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Edinburgh Evening News
 
Edinburgh Evening News
Thu 27 Nov 2003
LICE WORK: A parent tackles the problem. Picture posed by model.
Picture: Gareth Easton

Epidemic fear after nitwits ban louse alerts

FIONA MACGREGOR

THEY have been the scourge of schoolchildren - and their parents - for generations.

But mums and dads now fear Edinburgh is facing an epidemic of head lice after schools were banned from sending out warning letters about cases of head lice.

Angry parents say they have been forced to de-louse their children on a weekly basis because the ban has left infestations to spiral out of control.

Schools were told to keep parents in the dark over cases of the highly contagious parasite in guidelines published by the Scottish Executive earlier this year. Ministers issued the edict because they feared warning letters could lead to infected children being stigmatised.

But parents say the move has had the unfortunate effect of children repeatedly catching lice from their classmates straight after they have been cleared of the problem.

Pauline MacKenzie, 35, of Colinton Mains Place, has two daughters at Oxgangs Primary School. She said, since the letters stopped, she and other parents at the school have faced a constant battle to keep their children free from head lice.

Ms MacKenzie said: "Since they stopped sending the letters home the problem has definitely got worse.

"Iíve spent more than £75 treating my kids over the last five weeks. They go to school clean and are coming home infected.

"Itís a major disruption in family life and Iím having to put chemicals on my kidsí heads, which I donít want to do."

"I am really disappointed no one will offer any help - somebody has to be responsible.

"My daughter wasnít well recently and she came into bed with me and I ended up with them."

Mother-of-three Jackie Boyle has eight-year-old twins and a five-year-old daughter at Oxgangs Primary, whom she has had to treat for head lice six times in the last two months.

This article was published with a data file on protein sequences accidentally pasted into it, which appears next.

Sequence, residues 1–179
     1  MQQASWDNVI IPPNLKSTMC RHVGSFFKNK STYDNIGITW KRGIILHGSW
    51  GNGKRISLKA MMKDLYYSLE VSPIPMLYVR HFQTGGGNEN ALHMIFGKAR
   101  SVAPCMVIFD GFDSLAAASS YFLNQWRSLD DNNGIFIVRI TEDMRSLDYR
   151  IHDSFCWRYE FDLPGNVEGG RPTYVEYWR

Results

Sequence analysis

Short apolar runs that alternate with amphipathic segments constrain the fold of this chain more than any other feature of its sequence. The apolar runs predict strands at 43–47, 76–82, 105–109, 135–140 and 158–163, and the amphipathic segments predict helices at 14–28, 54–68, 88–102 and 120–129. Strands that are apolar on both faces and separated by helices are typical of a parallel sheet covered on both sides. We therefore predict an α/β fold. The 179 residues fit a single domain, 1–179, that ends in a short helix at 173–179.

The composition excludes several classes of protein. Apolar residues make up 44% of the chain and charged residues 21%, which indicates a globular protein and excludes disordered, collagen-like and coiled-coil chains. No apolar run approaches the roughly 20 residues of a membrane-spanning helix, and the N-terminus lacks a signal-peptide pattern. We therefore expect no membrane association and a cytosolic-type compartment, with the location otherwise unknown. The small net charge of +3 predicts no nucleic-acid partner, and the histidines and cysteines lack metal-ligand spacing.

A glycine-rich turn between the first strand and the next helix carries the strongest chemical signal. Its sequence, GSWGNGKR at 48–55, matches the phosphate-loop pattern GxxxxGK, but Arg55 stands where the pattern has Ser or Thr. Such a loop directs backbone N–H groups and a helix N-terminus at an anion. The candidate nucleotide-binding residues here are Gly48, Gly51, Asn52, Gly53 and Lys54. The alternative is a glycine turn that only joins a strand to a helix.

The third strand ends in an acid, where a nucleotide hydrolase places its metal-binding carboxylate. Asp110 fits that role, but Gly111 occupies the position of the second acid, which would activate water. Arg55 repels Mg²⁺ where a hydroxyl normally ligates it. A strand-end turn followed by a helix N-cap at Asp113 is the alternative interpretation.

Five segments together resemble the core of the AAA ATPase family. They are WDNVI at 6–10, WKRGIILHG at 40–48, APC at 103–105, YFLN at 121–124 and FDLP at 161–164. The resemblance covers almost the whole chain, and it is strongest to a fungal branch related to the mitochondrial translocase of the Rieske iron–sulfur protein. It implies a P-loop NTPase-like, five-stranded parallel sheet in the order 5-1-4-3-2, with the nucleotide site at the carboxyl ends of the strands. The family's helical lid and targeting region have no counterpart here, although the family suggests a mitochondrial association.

Ms Boyle, 39, of Firrhill Drive, said: "Itís a big problem, but the school canít do anything about it. Itís just ridiculous. At least when notes were sent home parents would be aware of the problem. Itís going to become a really bad epidemic. Some parents just donít seem to check if they see their kids scratching.

"My sonís not so bad because he has short hair. I keep the girlsí hair tied right back, but it swings around. What can you do - keep them off school, shave their heads?"

Parent representatives say the problem is already rife in city schools and likely to become worse. Tina Woolnough, founder of pressure group Parents in Partnership, said she had written to the council asking them what the education department is doing to help combat the problem.

Ms Woolnough said: "They are creating more stigma by sweeping it under the carpet.

"Basically the council should be looking at this in a spirit of social responsibility and not just hoping it will go away."

Ms Woolnough, who has three children at Blackhall Primary School, said the problem their had become so severe that the PTA had taken matters into its own hands by sending round an information letter on head lice to parents of all pupils.

Nikki Sawrey, chair of Blackhall PTA, said the information letter did not refer to a specific problem with head lice at Blackhall, but strongly advised parents to check their childrenís hair.

She said: "Everyone needs to be alert and check, but the school didnít want to contravene any guidelines."

A spokeswoman for the cityís education department said it had not set official guidelines for schools on how to deal with louse outbreaks, but said it would recommend following Scottish Executive guidelines.

Councillor Jim Lowrie, Lib Dem education spokesman, described the situation as "political correctness gone mad".

An Executive spokesman said: "NHS Health Scotland is currently finalising a leaflet for parents which will provide accurate information about head lice as well as details of how to detect and treat head lice infection."
 

 

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